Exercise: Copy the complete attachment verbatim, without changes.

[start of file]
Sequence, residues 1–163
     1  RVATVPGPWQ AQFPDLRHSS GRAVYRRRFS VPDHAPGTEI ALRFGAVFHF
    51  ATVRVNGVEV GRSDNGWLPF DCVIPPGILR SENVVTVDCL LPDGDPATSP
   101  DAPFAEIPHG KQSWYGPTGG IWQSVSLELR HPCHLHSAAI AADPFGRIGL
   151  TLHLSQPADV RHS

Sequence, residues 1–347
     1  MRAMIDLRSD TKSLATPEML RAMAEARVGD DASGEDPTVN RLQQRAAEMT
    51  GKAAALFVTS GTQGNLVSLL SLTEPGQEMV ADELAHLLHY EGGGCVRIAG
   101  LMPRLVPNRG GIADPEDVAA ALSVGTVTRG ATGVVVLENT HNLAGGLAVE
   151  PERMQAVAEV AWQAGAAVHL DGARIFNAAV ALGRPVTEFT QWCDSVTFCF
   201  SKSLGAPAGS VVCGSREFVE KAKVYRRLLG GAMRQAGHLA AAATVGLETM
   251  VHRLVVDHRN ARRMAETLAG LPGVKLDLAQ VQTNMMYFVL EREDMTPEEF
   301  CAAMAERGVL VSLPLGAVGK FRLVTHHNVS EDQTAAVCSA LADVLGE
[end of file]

Sequence, residues 1–163
     1  RVATVPGPWQ AQFPDLRHSS GRAVYRRRFS VPDHAPGTEI ALRFGAVFHF
    51  ATVRVNGVEV GRSDNGWLPF DCVIPPGILR SENVVTVDCL LPDGDPATSP
   101  DAPFAEIPHG KQSWYGPTGG IWQSVSLELR HPCHLHSAAI AADPFGRIGL
   151  TLHLSQPADV RHS

Sequence, residues 1–347
     1  MRAMIDLRSD TKSLATPEML RAMAEARVGD DASGEDPTVN RLQQRAAEMT
    51  GKAAALFVTS GTQGNLVSLL SLTEPGQEMV ADELAHLLHY EGGGCVRIAG
   101  LMPRLVPNRG GIADPEDVAA ALSVGTVTRG ATGVVVLENT HNLAGGLAVE
   151  PERMQAVAEV AWQAGAAVHL DGARIFNAAV ALGRPVTEFT QWCDSVTFCF
   201  SKSLGAPAGS VVCGSREFVE KAKVYRRLLG GAMRQAGHLA AAATVGLETM
   251  VHRLVVDHRN ARRMAETLAG LPGVKLDLAQ VQTNMMYFVL EREDMTPEEF
   301  CAAMAERGVL VSLPLGAVGK FRLVTHHNVS EDQTAAVCSA LADVLGE